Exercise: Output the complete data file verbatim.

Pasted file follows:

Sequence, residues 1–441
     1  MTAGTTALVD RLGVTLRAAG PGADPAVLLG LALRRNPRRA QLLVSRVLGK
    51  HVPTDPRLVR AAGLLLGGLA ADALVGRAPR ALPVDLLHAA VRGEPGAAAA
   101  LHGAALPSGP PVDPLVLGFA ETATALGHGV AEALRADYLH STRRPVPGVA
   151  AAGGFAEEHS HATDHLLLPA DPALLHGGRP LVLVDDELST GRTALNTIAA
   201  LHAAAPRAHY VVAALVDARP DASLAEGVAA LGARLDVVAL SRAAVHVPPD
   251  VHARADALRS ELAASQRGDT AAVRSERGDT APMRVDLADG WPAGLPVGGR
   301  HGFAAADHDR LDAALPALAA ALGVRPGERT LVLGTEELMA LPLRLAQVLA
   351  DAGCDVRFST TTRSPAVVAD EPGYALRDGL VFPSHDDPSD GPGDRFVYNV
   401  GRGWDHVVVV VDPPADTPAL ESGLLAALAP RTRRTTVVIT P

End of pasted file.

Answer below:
Sequence, residues 1–441
     1  MTAGTTALVD RLGVTLRAAG PGADPAVLLG LALRRNPRRA QLLVSRVLGK
    51  HVPTDPRLVR AAGLLLGGLA ADALVGRAPR ALPVDLLHAA VRGEPGAAAA
   101  LHGAALPSGP PVDPLVLGFA ETATALGHGV AEALRADYLH STRRPVPGVA
   151  AAGGFAEEHS HATDHLLLPA DPALLHGGRP LVLVDDELST GRTALNTIAA
   201  LHAAAPRAHY VVAALVDARP DASLAEGVAA LGARLDVVAL SRAAVHVPPD
   251  VHARADALRS ELAASQRGDT AAVRSERGDT APMRVDLADG WPAGLPVGGR
   301  HGFAAADHDR LDAALPALAA ALGVRPGERT LVLGTEELMA LPLRLAQVLA
   351  DAGCDVRFST TTRSPAVVAD EPGYALRDGL VFPSHDDPSD GPGDRFVYNV
   401  GRGWDHVVVV VDPPADTPAL ESGLLAALAP RTRRTTVVIT P